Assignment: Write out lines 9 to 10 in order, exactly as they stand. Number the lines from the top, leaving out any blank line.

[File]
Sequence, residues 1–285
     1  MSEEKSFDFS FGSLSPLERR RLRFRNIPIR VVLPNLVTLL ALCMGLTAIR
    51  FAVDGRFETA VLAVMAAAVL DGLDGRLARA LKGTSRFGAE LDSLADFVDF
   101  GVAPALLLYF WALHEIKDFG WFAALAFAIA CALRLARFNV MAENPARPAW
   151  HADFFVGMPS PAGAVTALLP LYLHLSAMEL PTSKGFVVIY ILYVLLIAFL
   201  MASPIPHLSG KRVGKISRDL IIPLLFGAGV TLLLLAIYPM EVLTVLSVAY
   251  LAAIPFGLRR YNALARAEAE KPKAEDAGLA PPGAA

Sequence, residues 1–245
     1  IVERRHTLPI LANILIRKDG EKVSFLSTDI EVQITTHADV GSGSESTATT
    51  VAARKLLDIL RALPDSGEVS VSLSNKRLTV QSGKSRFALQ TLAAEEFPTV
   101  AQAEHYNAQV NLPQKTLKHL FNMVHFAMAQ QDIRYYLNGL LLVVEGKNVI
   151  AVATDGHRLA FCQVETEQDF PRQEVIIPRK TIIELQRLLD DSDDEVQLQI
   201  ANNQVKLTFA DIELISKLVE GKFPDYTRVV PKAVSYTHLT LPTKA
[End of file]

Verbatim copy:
     1  IVERRHTLPI LANILIRKDG EKVSFLSTDI EVQITTHADV GSGSESTATT
    51  VAARKLLDIL RALPDSGEVS VSLSNKRLTV QSGKSRFALQ TLAAEEFPTV